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Nikon Coolpix P7700 Digital Camera Review$499.95
On its crowded main mode dial, the P7700 offers both Program (P) and full automatic shooting modes, as well as an array of special effect and scene mode selectors. Choosing full auto mode basically lets the camera do all the work for you. When you're in this mode, you don't have access to some shooting settings (AF area, shutter and aperture, etc), and the camera will try to intelligently pick from among its scene modes to find the settings most appropriate for your composition. Program mode, on the other hand, gives you access to all the same shooting options you get in Manual, Aperture Priority, and Shutter Priority, except that it sets the shutter speed and aperture for you. The P7700 does include a program shift function ("flexible program" in Nikon parlance), so you can force a higher or lower shutter speed even when in Program mode.
Buttons & Dials
You want buttons? The P7700's got 'em. A lot of them. Let's start with the top plate, which is home to the mode dial, on/off switch, zoom ring and shutter release, and the exposure compensation dial—_de rigeur_ for advanced compacts these days, and always a welcome addition. Also up top is a Fn2 button, which can be customized to display a virtual horizon, histogram, or framing grid. It can also be set to toggle the built-in neutral density filter. Moving further left you'll find the hot shoe, which can play host to Speedlight flashes, an optional GPS unit, and an external microphone accessory. Way over on the left side are the pop-up flash and the "Quick Menu" dial, which gives you one-click access to several vital settings. It's a great idea and well-implemented here.
On the front there are the sub-command dial (aka front e-dial) and the Fn1 button, which can have three separate custom functions when used in concert with the shutter release, command dial, and selector dial.
Effects, Filters, and Scene Modes
Traditionally, scene modes and art filters haven't exactly been Nikon's strong suit. However, the P7700 has a surprisingly large number of both, and some of them are quite impressive.
In total there are 19 scene modes, covering a huge range of potential shooting situations from portraiture to landscapes to indoor parties to sunsets to fireworks. There are even more specialized "scenes" included, such as black and white copy (for reproducing text), in-camera panoramas, in-camera "3D" photography, and more.
There are also 10 special effects, ranging from creative monochrome to cross processing to typical soft-focus and sepia options. But there are a few oddballs, too: zoom exposure (which takes a shot while zooming for a sort of warp-like effect) and selective color (which lets you choose a single color to preserve and renders everything else in monochrome). Most of these effects—most notably creative monochrome—can be customized to get precisely the look you're going for.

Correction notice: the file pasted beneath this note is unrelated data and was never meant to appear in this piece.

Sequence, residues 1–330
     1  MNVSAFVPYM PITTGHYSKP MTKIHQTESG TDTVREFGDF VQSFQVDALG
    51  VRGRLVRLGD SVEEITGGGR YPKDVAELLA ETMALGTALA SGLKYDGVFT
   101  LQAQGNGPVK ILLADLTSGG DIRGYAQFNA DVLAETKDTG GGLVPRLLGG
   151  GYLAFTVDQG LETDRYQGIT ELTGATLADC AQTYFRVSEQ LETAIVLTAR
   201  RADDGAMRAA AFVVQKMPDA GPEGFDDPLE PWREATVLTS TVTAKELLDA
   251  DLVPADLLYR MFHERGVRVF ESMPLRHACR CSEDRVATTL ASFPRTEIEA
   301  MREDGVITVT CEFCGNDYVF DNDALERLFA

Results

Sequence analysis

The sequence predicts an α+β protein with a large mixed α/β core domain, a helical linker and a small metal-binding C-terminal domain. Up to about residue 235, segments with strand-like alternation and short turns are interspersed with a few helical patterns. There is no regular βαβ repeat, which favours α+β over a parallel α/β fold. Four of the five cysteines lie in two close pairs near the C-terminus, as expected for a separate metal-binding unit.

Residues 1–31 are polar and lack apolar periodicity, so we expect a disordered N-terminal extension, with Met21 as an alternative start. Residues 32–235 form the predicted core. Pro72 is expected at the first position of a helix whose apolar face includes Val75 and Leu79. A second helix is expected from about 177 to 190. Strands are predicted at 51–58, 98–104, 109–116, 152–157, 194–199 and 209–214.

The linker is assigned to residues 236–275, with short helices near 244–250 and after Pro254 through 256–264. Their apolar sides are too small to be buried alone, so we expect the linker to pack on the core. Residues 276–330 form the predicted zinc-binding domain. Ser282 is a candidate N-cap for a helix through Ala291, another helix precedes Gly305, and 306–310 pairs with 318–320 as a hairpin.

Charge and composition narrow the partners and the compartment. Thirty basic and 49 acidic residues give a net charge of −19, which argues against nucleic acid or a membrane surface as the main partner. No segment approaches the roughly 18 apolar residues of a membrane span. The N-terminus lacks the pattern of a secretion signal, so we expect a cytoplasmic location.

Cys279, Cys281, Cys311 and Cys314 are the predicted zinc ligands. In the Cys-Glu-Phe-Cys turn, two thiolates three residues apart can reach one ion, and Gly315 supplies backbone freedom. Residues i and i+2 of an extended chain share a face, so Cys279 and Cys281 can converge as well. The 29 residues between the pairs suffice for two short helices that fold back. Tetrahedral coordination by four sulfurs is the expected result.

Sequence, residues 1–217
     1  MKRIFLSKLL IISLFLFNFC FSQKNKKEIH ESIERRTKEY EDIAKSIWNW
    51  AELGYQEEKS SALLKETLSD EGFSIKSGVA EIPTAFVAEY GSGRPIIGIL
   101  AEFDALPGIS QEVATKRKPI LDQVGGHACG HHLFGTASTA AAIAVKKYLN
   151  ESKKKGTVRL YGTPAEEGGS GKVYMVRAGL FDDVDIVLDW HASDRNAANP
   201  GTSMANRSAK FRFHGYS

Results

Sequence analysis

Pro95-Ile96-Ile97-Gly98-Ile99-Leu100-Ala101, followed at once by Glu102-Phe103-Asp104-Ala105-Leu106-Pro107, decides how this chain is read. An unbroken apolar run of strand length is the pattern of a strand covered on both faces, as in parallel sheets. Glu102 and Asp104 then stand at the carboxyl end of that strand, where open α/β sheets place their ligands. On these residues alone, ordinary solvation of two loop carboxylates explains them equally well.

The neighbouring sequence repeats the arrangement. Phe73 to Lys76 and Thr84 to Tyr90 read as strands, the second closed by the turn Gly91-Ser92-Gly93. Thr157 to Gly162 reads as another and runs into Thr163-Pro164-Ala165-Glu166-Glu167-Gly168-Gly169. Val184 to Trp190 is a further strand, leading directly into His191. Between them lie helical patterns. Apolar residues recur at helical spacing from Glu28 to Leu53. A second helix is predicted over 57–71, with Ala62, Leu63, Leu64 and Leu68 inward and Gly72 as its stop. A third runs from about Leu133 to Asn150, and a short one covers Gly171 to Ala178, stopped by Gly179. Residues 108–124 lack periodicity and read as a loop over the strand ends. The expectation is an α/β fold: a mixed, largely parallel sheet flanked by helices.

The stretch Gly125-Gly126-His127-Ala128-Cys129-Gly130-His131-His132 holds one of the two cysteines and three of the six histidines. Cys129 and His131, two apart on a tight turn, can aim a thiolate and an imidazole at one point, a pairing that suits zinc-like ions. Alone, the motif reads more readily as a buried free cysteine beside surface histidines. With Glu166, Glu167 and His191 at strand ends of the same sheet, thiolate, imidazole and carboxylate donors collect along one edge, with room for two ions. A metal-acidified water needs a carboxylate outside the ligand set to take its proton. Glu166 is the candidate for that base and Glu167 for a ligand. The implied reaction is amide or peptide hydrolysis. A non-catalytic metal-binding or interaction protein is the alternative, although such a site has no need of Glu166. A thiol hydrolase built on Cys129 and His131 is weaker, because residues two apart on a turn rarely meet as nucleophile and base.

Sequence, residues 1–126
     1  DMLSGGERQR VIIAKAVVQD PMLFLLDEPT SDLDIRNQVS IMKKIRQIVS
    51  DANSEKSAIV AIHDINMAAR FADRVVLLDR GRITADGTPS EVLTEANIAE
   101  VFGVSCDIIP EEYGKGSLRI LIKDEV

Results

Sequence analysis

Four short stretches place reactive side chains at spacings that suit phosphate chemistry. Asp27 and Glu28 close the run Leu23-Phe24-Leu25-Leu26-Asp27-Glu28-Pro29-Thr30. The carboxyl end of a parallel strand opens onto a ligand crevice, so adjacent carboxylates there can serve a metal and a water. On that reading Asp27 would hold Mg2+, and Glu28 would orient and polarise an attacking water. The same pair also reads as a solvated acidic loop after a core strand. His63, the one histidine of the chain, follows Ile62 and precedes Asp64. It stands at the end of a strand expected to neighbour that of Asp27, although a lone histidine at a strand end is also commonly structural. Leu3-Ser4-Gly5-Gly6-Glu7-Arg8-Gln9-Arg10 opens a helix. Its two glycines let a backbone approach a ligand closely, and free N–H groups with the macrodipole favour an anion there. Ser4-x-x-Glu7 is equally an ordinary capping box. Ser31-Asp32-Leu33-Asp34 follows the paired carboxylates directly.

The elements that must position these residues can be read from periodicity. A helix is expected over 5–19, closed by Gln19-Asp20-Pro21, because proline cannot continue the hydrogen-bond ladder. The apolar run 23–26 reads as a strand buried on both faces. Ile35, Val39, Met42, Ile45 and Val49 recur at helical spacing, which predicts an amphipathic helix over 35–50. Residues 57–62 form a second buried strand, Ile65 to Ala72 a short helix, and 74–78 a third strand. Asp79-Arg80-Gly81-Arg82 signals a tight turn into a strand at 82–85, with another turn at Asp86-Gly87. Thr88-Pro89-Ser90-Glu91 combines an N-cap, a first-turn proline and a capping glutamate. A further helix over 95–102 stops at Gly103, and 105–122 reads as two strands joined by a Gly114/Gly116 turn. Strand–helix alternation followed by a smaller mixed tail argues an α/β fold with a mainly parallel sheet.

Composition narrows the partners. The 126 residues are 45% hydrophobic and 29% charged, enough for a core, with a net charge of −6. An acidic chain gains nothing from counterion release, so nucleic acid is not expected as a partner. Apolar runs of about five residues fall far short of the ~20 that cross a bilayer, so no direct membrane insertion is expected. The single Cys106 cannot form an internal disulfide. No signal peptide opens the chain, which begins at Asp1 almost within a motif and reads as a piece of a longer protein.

Nikon isn't known for flashy, cutting-edge menus, and you certainly won't find one on the P7700. Its menus are simply utilitarian, with clear white and grey text on a black background and occasional splashes of color to spice things up. They can be navigated using the rear rotary dial, the four-way pad, and front and rear command dials (or some combination of all of the above). In the end, we feel that their simplicity will probably be a benefit to most shooters.
The main menu itself is broken up into just two tabs: "Shooting menu" (3 pages) and "Set up" (5 pages). The former contains settings relating to exposure, autofocus, and other vital shooting characteristics, while the latter focuses on button customization, memory card setup, audio settings, and so on. On the whole the menu items are broken up logically, though some may wonder why "Vibration reduction" is under Set up, for instance, rather than Shooting menu.
A secondary menu is brought up whenever you turn the Quick menu dial or push the button at its center. This dial includes positions for ISO, white balance, bracketing, My Menu, color modes, and image quality settings. Each of these features a submenu where you can choose the desired setting, again using any of the three available control methods.
Since it includes this dial, the P7700 lacks a traditional quick menu overlay or control panel, as we've seen on virtually every other advanced compact and DSLR in recent years. We've gotten used to having that sort of one-stop shop, so it was slightly jarring to go without it as we tested the P7700, but we found we quickly adjusted and found ourselves enjoying the P7700's unique configuration.
Like other cameras in its class, the P7700 ships with a Quick Start Guide of some 32 pages. The full 264-page manual is available in .PDF format and can be retrieved either from the included CD-ROM or from Nikon's website. It's exhaustively thorough, and its index is fairly all-encompassing.